At least 22 people were killed, several others were injured and 50,000 households and businesses were left without power when a tornado struck parts of Nashville and central Tennessee early Tuesday, officials said.
The deaths occurred in at least four counties, including Davidson, where Nashville is, and Putnam, Benton and Wilson, according to officials.
"We have had loss of life all across this state," Gov. Bill Lee, who declared a state of emergency, said. Besides those confirmed dead, some people are unaccounted for, he said. "There are folks missing."
The carnage in Tennessee marked the most deadly tornado event in the United States since 23 people were killed in Lee County, Alabama, exactly one year ago, on March 3, 2019.
President Donald Trump said he would visit Tennessee later this week.
"I want to send my warm wishes to the great people of Tennessee in the wake of the horrible, very vicious tornado that killed at least 19 people and injured many more," Trump said Tuesday in Washington, at the National Association of Counties Legislative Conference.
"We're working with the leaders in Tennessee including their great Gov. Bill Lee to make sure that everything is done properly. FEMA is already on the ground and I'll be going there on Friday."
The severe weather damaged dozens of homes and buildings, and as Tennesseans get ready to vote in Super Tuesday primaries, state officials were scrambling to ensure residents can still get to the polls.
At least 45 buildings collapsed in Nashville, and police said that there were multiple buildings with damage, primarily in the downtown and east precincts.
"Emergency responders are working to ensure persons can get out and secure the areas," police said.
The tornado was spotted northwest of downtown Nashville and took aim at parts of the city, National Weather Service meteorologist Faith Borden said.
Video posted to Twitter showed what appeared to be extensive damage to an apartment complex.
Blakeley Galbraith, a resident of the Vista Apartments in Nashville's Germantown neighborhood, said the fire department rushed to save people trapped in her building.
It was "chaos," she said.
"Our apartments got hit the worst in our neighborhood," Galbraith said. "Cars on top of our garage were overturned."
There was 6 inches of standing water in her top-floor apartment when she fled the building, leaving behind "everything," she said.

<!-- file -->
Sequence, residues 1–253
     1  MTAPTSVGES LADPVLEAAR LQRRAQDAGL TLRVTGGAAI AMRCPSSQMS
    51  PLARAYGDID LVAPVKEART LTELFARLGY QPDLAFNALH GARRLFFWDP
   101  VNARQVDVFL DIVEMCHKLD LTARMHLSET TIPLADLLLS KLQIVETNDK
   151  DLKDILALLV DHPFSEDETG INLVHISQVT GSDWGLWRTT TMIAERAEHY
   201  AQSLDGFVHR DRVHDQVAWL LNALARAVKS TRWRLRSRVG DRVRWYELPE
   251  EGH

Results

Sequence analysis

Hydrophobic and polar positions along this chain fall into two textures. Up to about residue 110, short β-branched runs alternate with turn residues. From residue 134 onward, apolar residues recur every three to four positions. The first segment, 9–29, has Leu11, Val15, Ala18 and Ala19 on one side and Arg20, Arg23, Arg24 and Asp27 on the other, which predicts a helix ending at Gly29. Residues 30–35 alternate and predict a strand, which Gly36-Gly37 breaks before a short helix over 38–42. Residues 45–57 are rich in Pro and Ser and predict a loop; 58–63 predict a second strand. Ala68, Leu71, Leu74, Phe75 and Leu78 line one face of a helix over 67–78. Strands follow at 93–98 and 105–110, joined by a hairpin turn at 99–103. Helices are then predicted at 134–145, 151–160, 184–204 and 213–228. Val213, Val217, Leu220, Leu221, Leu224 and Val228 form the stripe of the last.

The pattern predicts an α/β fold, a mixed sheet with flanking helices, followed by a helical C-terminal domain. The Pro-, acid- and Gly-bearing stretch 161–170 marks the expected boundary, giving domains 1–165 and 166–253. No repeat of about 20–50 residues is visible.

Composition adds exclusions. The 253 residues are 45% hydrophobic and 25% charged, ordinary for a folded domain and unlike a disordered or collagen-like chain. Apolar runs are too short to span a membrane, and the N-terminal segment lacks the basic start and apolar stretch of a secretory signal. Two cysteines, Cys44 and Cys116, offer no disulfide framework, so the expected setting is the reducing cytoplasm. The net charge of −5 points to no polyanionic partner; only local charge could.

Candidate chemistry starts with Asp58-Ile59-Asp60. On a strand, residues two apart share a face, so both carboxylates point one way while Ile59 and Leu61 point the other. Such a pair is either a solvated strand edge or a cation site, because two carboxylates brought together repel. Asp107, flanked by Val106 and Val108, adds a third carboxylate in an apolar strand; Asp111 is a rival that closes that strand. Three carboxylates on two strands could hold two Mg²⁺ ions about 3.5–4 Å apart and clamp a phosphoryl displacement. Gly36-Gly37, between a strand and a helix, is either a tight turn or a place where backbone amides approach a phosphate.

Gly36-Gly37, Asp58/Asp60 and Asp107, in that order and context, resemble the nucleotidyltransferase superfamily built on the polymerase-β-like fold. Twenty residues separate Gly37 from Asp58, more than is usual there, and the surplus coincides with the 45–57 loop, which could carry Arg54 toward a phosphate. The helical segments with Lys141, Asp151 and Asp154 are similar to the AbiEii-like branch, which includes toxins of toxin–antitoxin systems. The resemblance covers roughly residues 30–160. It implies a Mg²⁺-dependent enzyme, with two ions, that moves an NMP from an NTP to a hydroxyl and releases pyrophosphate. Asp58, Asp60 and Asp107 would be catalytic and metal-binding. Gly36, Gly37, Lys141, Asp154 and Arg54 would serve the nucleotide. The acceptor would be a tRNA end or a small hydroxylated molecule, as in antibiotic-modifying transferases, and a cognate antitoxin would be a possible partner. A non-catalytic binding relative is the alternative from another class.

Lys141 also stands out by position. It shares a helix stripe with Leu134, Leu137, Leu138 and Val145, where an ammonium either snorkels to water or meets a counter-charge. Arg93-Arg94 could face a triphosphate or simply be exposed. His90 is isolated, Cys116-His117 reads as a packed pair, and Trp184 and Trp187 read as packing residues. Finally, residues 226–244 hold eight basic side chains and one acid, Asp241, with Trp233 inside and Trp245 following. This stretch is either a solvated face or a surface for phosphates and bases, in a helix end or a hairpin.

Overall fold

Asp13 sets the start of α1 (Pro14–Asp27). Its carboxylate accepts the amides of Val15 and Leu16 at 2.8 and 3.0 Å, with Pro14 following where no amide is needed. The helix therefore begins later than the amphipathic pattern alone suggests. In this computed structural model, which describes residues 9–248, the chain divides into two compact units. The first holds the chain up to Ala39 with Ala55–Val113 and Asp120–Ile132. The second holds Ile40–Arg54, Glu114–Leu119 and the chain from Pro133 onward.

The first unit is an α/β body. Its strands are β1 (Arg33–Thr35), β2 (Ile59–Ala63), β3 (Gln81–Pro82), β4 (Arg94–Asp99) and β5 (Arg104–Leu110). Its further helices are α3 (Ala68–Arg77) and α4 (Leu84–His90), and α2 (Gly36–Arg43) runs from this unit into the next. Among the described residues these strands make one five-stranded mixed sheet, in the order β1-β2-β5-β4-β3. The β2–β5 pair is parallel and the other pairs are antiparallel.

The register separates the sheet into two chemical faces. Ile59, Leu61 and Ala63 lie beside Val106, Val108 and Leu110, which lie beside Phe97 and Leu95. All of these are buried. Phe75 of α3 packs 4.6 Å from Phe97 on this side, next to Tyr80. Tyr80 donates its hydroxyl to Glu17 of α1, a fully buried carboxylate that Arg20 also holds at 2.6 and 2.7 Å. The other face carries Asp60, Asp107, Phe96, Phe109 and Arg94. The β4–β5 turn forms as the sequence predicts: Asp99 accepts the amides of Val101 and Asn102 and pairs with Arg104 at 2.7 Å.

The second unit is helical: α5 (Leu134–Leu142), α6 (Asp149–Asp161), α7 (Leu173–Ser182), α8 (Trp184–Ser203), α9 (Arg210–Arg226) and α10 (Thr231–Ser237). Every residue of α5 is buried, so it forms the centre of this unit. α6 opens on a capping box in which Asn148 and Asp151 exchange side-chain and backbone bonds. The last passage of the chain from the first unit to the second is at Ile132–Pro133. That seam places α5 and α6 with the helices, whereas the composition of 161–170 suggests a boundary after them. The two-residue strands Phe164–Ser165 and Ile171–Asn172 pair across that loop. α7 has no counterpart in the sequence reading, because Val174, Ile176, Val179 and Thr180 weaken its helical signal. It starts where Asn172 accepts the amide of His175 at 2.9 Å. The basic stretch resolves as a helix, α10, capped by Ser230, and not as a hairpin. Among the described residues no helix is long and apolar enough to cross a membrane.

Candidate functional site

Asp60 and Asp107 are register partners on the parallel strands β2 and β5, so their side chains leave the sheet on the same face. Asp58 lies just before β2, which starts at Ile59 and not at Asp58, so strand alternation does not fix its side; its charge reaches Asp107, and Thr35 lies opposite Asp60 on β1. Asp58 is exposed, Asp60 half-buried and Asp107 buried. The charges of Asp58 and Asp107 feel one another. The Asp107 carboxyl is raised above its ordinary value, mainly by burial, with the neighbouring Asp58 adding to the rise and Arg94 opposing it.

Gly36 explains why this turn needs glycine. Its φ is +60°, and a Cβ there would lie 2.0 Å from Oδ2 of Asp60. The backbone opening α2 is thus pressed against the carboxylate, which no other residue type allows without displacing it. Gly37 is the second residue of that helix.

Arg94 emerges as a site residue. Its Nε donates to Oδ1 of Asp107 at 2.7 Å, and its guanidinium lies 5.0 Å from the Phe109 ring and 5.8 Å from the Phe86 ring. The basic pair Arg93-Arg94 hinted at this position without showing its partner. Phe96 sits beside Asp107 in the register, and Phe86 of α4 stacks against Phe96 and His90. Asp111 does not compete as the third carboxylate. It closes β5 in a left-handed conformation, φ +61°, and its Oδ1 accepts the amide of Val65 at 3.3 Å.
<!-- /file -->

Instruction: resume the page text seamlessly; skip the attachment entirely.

Main Street in east Nashville was closed at 1:30 a.m. and covered in half-fallen trees and other debris, The Tennessean newspaper of Nashville reported. Part of a building had also collapsed onto the road, the newspaper reported. Photos showed what appeared to be heavy damage to some buildings and vehicles.
Council member Brett Withers tweeted that the Five Points neighborhood took a direct hit.
Nashville schools were to be closed Tuesday because of damage throughout the city, officials said.
It was "a devastating night in Nashville," U.S. Rep. Jim Cooper, D-Tenn., tweeted, adding that he would work with the mayor's office on a request for federal assistance.
"Last night was a reminder about how fragile life is," Nashville Mayor John Cooper, the congressman's brother, said at a press conference Tuesday morning. He added that rescue personnel in the city are continuing to examine collapsed buildings to ensure all residents are accounted for.
He described the tornado as a "massive act of nature."
"There was no stopping that," the mayor said, referring to an AutoZone store that is now "missing."
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Among the confirmed deaths, at least one was in Davidson County, where Nashville is, and four in Putnam County to the east. In Benton County west of Nashville, a man was killed when his house was hit, a county emergency manager told NBC News. At least two people were killed in Wilson County.
Nashville suburbs Mount Juliet and Lebanon appeared hard hit, the weather service said. Police in Mount Juliet, east of Nashville, reported that the town of around 30,000 had significant damage and multiple injuries.
"We have requested mutual aid from allied agencies. We continue to search for injured. Stay home if you can. Watch for downed power lines," the police department tweeted.
The sheriff's office in Wilson County, which is home to Mount Juliet and Lebanon, reported "extensive damage to many homes" and road hazards.
In Putnam County, where there have been at least four deaths, the county mayor, Randy Porter, said in an early morning press conference that the region has extensive power outages and that multiple residents are injured.
Tennessee is one of 14 states voting on Super Tuesday, and some polling locations were damaged in the storm, according to NBC Nashville affiliate WSMV.
All Nashville polling locations will open an hour later than usual, and some sites, fewer than 10 percent of the total, have been moved, the mayor said.
Officials are working to make sure all polling locations in affected areas will be open for the required 10 hours, Tennessee Secretary of State Tre Hargett said on Twitter.
The weather service said that as of 2:50 a.m., there were no longer tornado warnings in middle Tennessee, but warned that storms in the area had lightning and heavy rain and that 40-50 mph winds were possible. "Storms could quickly become severe, so stay alert!" the weather service tweeted.